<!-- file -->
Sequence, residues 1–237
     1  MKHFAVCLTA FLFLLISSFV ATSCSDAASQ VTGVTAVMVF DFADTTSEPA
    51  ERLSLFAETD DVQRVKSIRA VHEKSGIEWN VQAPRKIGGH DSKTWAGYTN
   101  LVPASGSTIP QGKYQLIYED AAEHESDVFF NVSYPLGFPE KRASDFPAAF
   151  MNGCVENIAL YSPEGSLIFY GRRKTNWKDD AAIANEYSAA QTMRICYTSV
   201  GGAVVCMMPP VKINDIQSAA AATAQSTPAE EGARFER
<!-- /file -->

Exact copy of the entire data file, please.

Sequence, residues 1–237
     1  MKHFAVCLTA FLFLLISSFV ATSCSDAASQ VTGVTAVMVF DFADTTSEPA
    51  ERLSLFAETD DVQRVKSIRA VHEKSGIEWN VQAPRKIGGH DSKTWAGYTN
   101  LVPASGSTIP QGKYQLIYED AAEHESDVFF NVSYPLGFPE KRASDFPAAF
   151  MNGCVENIAL YSPEGSLIFY GRRKTNWKDD AAIANEYSAA QTMRICYTSV
   201  GGAVVCMMPP VKINDIQSAA AATAQSTPAE EGARFER